COCORP reflection profiling illustrates that the Valley and Ridge, Blue Ridge, and Inner Piedmont are allochthonous and have been thrust over an early Paleozoic shelf sequence. The magnitude of thrusting may be at least 175 km and points out the importance of thin-skinned tectonics in continental collision episodes. The root-zone for the southern Appalachian décollement has not yet been identified and is a topic of considerable controversy. Gravity, magnetic, reflection, and refraction data all suggest that a fundamental change in crustal character occurs in the vicinity of the Inner Piedmont-Charlotte belt boundary. However, it remains unclear whether this region represents a suture zone separating North America from accreted island-arc sequences or a décollement extending farther east beneath the slate belt and into the Coastal Plain. Similar to the western part of the Connecticut Valley synclinorium in the northern Appalachians, a zone of east-dipping reflectors is observed near the Inner Piedmont-Charlotte belt boundary. However, in the northeast Georgia profile the reflectors do not appear to penetrate the crust, and a shallow-dipping reflector can be traced farther east beneath the Charlotte belt/slate belt. The southeast-dipping reflectors penetrate much of the crust on the southernmost COCORP line in southwestern Georgia where North American rocks are juxtaposed with rocks that were probably once part of the African continent. A well-defined Moho reflection is observed on reflection profiles to the east and southeast of these dipping reflectors.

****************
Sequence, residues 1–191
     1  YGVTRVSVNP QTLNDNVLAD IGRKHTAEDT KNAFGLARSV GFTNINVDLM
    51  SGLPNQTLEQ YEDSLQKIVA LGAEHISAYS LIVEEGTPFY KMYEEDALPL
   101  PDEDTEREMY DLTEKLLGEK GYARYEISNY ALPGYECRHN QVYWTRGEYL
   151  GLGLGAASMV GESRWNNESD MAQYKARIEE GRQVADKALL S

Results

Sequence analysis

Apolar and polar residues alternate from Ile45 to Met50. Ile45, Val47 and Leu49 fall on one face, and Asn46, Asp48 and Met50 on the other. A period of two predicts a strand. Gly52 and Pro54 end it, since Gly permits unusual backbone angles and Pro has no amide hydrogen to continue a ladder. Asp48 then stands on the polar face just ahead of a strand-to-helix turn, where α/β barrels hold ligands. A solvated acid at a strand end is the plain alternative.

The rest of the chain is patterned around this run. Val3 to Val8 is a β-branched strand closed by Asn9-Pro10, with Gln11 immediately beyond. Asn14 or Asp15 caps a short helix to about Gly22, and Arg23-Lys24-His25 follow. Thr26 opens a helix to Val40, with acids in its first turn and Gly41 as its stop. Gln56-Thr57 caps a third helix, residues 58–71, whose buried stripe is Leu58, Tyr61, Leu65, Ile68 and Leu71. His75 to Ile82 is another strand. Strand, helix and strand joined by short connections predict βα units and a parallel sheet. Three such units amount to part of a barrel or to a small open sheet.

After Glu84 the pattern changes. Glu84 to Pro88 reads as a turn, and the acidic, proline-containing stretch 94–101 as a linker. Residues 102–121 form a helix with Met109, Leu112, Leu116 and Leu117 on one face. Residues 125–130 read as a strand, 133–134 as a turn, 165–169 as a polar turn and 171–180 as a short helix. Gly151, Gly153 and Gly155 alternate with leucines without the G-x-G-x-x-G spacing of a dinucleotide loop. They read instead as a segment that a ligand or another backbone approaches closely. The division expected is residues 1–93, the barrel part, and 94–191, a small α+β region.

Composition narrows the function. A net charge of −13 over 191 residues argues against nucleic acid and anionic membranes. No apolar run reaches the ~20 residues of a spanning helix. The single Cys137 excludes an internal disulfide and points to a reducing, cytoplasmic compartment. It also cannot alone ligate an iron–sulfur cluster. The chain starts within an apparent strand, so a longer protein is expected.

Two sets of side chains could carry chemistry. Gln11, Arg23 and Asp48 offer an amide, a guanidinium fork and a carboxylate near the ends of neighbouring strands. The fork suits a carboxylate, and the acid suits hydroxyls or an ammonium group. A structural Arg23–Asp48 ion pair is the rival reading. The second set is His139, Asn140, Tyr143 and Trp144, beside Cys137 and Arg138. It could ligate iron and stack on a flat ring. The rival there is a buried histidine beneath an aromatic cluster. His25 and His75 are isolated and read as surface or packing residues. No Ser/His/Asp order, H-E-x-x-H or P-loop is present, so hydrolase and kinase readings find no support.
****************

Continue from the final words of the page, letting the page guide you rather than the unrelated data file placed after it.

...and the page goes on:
The gravity and magnetic data all suggest that the crust to the east of the Inner Piedmont-Charlotte belt boundary is of oceanic affinity. In contrast to the northern Appalachians, the southern refraction data indicates that the crust thins dramatically beneath the Charlotte belt-Carolina slate belt, and no evidence of high velocities is observed in the lower crust. Interestingly, the Charlotte belt and slate belt rocks are thought to be of Avalon affinity, and the crustal velocity structure shows many similarities to the Avalon block in the northern Appalachians.